PU staging

PUs were classified according to the criteria proposed by Santos et al.8


Defined as the presence of viable bacteria in the blood documented by a positive blood culture.9 Only the first MRSA and GNB bacteremia episode was taken into consideration.

Multidrug-resistant (MDR) phenotype

The criteria used for defining MDR phenotype was: non-susceptible to ≥1 agent of ≥3 antimicrobial classes.10

Specimen collection and microbiological techniques

PU cleaning was performed with sterile and warm saline solution (around 37.5°C) and an aseptic technique under irrigation pressure with a syringe (20ml) and needle (gauges 25X8-21).11 Afterwards, a sterile swab moistened with saline solution was rotated over a 1cm2 area of granulation tissue with sufficient pressure to press fluid out of the wound tissue.12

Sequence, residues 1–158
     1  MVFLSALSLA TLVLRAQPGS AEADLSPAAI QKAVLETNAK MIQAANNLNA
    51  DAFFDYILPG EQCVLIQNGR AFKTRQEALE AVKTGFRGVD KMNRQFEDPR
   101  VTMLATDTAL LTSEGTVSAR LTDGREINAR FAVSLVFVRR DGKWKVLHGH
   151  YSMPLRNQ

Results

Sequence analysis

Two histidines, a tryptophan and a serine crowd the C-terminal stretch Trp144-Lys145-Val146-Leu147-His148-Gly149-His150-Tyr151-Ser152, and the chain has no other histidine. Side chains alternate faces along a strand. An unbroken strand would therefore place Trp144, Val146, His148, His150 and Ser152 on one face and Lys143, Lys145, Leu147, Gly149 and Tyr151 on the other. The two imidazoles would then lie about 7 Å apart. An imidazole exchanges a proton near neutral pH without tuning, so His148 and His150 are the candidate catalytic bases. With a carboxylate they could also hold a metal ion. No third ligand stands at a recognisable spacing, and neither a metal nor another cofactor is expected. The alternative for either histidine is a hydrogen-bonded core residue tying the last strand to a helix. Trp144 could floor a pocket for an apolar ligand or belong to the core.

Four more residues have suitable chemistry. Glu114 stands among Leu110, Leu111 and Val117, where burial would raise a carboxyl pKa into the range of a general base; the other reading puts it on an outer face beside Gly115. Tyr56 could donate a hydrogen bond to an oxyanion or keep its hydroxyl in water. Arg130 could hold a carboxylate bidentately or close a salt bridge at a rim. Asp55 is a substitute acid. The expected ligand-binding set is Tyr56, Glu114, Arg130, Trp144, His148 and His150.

The clinical specimen was inoculated into MacConkey Agar, and the differentiation of Gram-negative microorganisms in Enterobacteriaceae family and non-fermenting bacilli was made through oxidation-fermentation (OF) and oxidase tests. For Enterobacteriaceae it was used glucose and lactose fermentation; indole production; motility; citrate; urea hydrolysis; sulfidric gas production; phenylalanine deaminase; lysine and ornithine decarboxylase; methyl red reaction; and Voges-Proskauer test. For non-fermenting GNB it was used nitrate reduction; gluconate use; pigment production; lysine decarboxylase activity; urease activity; indole production; acetamide and esculin hydrolysis. The swab was inoculated into Mannitol Agar, and Staphylococcus aureus was identified as coagulase-positive by classic techniques.13